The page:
because the woman's place is wherever the woman is...

Tuesday, May 22, 2012

Billie Jean King

From 1961 to 1980, Billie Jean King was one of the most remarkable tennis players in the world.  She won no fewer than thirty-nine Grand Slams (singles, doubles and mixed doubles) and in 1973, became famous for beating former Wimbledon champion Bobby Riggs for a prize of $100,000 (winner-take-all) in an exhibition called "The Battle of the Sexes."

Outed -- without her prior knowledge or consent -- first for having had an abortion (in 1971) and then for being a lesbian (in 1981), King was dropped like a hot potato by the companies that had been paying her for her endorsement and even her fans, by and large, were stunned and unsupportive.  Yet King faced it all down alone, including a painful and public palimony suit brought by her former partner.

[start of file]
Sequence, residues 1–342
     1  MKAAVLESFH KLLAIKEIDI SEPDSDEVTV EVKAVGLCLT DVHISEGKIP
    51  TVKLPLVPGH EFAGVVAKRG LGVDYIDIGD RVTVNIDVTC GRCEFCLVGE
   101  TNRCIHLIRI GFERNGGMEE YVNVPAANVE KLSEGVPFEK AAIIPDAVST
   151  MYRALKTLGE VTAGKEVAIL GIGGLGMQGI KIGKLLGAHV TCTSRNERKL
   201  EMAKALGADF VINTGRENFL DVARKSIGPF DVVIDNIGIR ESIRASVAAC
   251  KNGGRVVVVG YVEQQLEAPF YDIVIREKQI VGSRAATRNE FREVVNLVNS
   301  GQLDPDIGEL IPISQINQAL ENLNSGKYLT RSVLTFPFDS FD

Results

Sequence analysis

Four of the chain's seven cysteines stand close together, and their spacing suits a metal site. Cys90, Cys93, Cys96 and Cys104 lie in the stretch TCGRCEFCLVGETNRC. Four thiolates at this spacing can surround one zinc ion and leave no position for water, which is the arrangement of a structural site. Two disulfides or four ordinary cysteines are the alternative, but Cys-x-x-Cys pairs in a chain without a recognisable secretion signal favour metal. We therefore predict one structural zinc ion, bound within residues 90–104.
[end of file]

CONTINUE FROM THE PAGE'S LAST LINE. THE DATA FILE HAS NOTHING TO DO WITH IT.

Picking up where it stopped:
But, in spite of it all, King founded the Women's Tennis Association and the Women's Sports Foundation, wound up owning World Team Tennis, was the first tennis player named Sports Illustrated's Sportsman of the Year (1972),  was inducted into the International Tennis Hall of Fame (1987), and received the U.S. Presidential Medal of Freedom (2009) for her work advocating for women's rights and the rights of lesbian, gay, bi-sexual, and transgendered people.

Still, having won more awards and honors than most celebrities -- sports or otherwise -- ever dream of, and while it's true that King was "helped" to find her ultimate in-your-face-ness, it was always in there.  For example, in 1975, she described to a Sports Illustrated writer the "Get-It Quotient," which she explained this way: "There's a lot of ugly fellas among the male athletes, but just because they're athletes, they get [sex] all the time, don't they? Now, never mind prize money and publicity and all that. When we reach the point where all the women athletes are getting it, too, regardless of their looks, just like the fellas, then we've really arrived."  Of course, that was long before she knew she'd win the Presidential Medal of Freedom.

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